Pancreas transplant venous thrombosis: Role of endovascular interventions for graft salvage

Andrew H. Stockland, Darrin L. Willingham, Ricardo Paz-Fumagalli, Hani P. Grewal, J. Mark McKinney, Christopher B. Hughes, Eric Walser

Research output: Contribution to journalArticle

29 Citations (Scopus)

Abstract

Venous thrombosis of pancreas transplant allografts often leads to graft loss. We evaluated the efficacy of emergent endovascular techniques to salvage thrombosed pancreatic allografts in a series of six patients. Of the 76 pancreas transplants performed between 2002 and 2006, six patients were diagnosed with venous thrombosis on MRI between 2 and 28 days posttransplant (mean, 9 days). Five patients were systemic-enteric (donor portal vein anastomosis to recipient iliac vein) and one patient was portal-enteric (donor portal vein anastomosis to recipient superior mesenteric vein). Conventional venography confirmed the diagnosis of venous thrombosis in all patients. One patient was treated with catheter-directed venous thrombolysis and balloon thrombectomy. Another patient was treated with rheolytic thrombectomy alone. The remaining four patients were treated with a combination of these mechanical and thrombolytic techniques. Completion venography revealed >50% clot reduction and resumption of venous drainage in all patients. One patient required additional intervention 16 days later for recurrent thrombosis. Two patients required metal stent placement for anastomotic stenoses or kinks. One patient required pancreatectomy 36 h after attempted salvage secondary to a major hemorrhage and graft necrosis. Two patients recovered pancreatic function initially but lost graft function at 8 and 14 months, respectively, from severe chronic rejection. Patient survival was 100%, long-term graft survival was 50%, rethrombosis rate was 16.6%, and graft loss from rejection was 33%. In conclusion, early recognition and treatment of venous thrombosis after pancreas transplantation has acceptable morbidity and no mortality using short-term endovascular pharmacomechanical therapy.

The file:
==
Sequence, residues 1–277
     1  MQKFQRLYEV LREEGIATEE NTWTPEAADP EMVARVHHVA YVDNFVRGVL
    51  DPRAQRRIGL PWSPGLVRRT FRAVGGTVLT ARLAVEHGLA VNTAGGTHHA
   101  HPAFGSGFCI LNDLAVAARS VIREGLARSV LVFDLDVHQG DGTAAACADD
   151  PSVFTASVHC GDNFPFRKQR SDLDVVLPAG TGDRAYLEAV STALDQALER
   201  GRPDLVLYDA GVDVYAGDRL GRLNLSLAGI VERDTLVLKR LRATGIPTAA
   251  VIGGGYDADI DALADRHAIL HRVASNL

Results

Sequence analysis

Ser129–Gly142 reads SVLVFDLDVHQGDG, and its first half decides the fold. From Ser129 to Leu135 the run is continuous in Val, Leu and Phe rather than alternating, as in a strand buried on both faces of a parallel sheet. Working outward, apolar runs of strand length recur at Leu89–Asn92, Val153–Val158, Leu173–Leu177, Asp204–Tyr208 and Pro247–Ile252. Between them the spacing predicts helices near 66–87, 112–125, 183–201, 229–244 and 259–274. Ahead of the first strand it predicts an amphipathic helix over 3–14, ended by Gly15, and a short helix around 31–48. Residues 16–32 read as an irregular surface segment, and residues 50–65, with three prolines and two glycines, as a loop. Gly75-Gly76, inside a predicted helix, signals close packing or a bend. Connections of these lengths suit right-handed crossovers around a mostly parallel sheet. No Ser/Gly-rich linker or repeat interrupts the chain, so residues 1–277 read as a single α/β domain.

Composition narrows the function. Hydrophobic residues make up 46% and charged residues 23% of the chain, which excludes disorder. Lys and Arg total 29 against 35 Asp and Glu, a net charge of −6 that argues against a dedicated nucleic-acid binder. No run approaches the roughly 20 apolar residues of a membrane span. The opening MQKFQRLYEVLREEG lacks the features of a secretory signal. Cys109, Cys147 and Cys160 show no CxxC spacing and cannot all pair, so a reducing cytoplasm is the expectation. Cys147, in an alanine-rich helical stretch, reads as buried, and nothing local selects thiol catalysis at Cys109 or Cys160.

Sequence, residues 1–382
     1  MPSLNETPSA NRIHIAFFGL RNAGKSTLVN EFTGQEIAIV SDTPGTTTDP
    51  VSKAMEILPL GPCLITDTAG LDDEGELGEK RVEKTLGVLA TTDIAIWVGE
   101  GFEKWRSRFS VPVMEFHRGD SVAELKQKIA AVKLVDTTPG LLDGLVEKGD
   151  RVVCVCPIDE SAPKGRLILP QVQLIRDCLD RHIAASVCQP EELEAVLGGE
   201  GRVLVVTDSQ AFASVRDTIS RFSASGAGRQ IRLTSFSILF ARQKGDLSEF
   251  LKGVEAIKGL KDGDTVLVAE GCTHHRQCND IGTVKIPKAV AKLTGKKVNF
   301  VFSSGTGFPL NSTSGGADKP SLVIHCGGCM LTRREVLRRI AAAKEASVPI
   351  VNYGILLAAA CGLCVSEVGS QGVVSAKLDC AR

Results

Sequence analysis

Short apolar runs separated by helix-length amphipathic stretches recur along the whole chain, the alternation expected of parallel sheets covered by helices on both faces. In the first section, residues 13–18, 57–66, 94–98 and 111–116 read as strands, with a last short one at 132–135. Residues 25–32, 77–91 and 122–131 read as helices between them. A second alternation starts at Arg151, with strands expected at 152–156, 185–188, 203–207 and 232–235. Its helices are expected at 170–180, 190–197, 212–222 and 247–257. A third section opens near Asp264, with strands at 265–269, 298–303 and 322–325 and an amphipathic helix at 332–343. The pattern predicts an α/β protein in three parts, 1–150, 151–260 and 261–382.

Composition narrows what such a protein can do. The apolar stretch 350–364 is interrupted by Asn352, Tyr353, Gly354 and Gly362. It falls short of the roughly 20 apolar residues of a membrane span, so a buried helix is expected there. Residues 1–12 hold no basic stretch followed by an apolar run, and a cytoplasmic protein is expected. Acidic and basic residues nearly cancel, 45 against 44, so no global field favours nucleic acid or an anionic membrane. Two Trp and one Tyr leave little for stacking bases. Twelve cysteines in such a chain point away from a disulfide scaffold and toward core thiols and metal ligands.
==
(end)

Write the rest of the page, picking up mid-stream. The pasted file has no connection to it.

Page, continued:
Original languageEnglish (US)
Pages (from-to)279-283
Number of pages5
JournalCardioVascular and Interventional Radiology
Volume32
Issue number2
DOIs
StatePublished - Mar 2009
Externally publishedYes

Fingerprint

Venous Thrombosis
Pancreas
Transplants
Thrombectomy
Phlebography
Portal Vein
Allografts
Thrombosis
Tissue Donors
Iliac Vein
Mesenteric Veins
Pancreas Transplantation
Endovascular Procedures
Pancreatectomy
Graft Rejection
Graft Survival
Stents
Drainage
Pathologic Constriction
Necrosis

Keywords

  • Pancreas transplant
  • Venous stents
  • Venous thrombolysis

ASJC Scopus subject areas

  • Radiology Nuclear Medicine and imaging
  • Cardiology and Cardiovascular Medicine

Cite this

Stockland, A. H., Willingham, D. L., Paz-Fumagalli, R., Grewal, H. P., McKinney, J. M., Hughes, C. B., & Walser, E. (2009). Pancreas transplant venous thrombosis: Role of endovascular interventions for graft salvage. CardioVascular and Interventional Radiology, 32(2), 279-283. https://doi.org/10.1007/s00270-009-9507-9

Pancreas transplant venous thrombosis : Role of endovascular interventions for graft salvage. / Stockland, Andrew H.; Willingham, Darrin L.; Paz-Fumagalli, Ricardo; Grewal, Hani P.; McKinney, J. Mark; Hughes, Christopher B.; Walser, Eric.

In: CardioVascular and Interventional Radiology, Vol. 32, No. 2, 03.2009, p. 279-283.

Research output: Contribution to journalArticle

Stockland, AH, Willingham, DL, Paz-Fumagalli, R, Grewal, HP, McKinney, JM, Hughes, CB & Walser, E 2009, 'Pancreas transplant venous thrombosis: Role of endovascular interventions for graft salvage', CardioVascular and Interventional Radiology, vol. 32, no. 2, pp. 279-283. https://doi.org/10.1007/s00270-009-9507-9